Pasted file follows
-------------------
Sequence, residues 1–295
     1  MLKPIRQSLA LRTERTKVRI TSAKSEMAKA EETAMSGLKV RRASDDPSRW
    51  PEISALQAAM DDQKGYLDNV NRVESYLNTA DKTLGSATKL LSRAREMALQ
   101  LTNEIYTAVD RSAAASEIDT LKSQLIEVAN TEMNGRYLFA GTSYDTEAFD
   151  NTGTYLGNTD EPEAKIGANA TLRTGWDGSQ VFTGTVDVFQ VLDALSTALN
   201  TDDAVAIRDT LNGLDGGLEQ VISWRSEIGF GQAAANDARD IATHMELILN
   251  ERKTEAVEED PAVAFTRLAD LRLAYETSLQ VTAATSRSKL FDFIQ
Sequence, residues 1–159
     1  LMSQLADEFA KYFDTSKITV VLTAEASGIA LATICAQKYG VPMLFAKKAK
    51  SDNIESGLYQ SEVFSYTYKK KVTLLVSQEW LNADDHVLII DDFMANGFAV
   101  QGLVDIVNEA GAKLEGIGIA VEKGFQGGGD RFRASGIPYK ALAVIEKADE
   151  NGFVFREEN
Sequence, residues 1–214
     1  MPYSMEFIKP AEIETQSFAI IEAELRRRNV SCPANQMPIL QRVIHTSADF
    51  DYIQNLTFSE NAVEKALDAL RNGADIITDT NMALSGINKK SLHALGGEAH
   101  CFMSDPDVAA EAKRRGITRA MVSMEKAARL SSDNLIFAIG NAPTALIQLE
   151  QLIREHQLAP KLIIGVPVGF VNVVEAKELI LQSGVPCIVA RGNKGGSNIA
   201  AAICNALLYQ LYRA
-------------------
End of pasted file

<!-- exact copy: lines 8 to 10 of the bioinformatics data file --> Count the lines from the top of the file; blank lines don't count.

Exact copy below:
Sequence, residues 1–159
     1  LMSQLADEFA KYFDTSKITV VLTAEASGIA LATICAQKYG VPMLFAKKAK
    51  SDNIESGLYQ SEVFSYTYKK KVTLLVSQEW LNADDHVLII DDFMANGFAV